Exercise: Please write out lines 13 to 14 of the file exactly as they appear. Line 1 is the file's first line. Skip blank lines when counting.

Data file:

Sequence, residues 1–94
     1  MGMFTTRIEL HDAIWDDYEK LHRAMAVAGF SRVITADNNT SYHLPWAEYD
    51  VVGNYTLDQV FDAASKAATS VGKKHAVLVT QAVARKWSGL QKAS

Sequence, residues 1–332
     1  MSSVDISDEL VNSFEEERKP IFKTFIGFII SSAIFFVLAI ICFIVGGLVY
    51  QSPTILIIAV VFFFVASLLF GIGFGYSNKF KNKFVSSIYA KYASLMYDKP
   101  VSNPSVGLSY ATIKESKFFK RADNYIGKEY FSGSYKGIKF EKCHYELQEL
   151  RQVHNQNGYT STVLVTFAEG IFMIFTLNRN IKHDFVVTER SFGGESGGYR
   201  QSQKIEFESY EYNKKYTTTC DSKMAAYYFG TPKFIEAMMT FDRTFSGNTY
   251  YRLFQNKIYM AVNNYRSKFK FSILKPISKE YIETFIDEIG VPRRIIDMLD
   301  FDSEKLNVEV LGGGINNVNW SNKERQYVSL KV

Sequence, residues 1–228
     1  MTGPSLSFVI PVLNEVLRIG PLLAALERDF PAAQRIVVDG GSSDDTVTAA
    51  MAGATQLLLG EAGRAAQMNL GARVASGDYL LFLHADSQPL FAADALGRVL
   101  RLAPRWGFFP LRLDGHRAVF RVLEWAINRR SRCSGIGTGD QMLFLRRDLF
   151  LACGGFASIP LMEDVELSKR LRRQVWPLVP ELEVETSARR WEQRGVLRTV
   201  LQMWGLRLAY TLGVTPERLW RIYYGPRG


     1  MTGPSLSFVI PVLNEVLRIG PLLAALERDF PAAQRIVVDG GSSDDTVTAA
    51  MAGATQLLLG EAGRAAQMNL GARVASGDYL LFLHADSQPL FAADALGRVL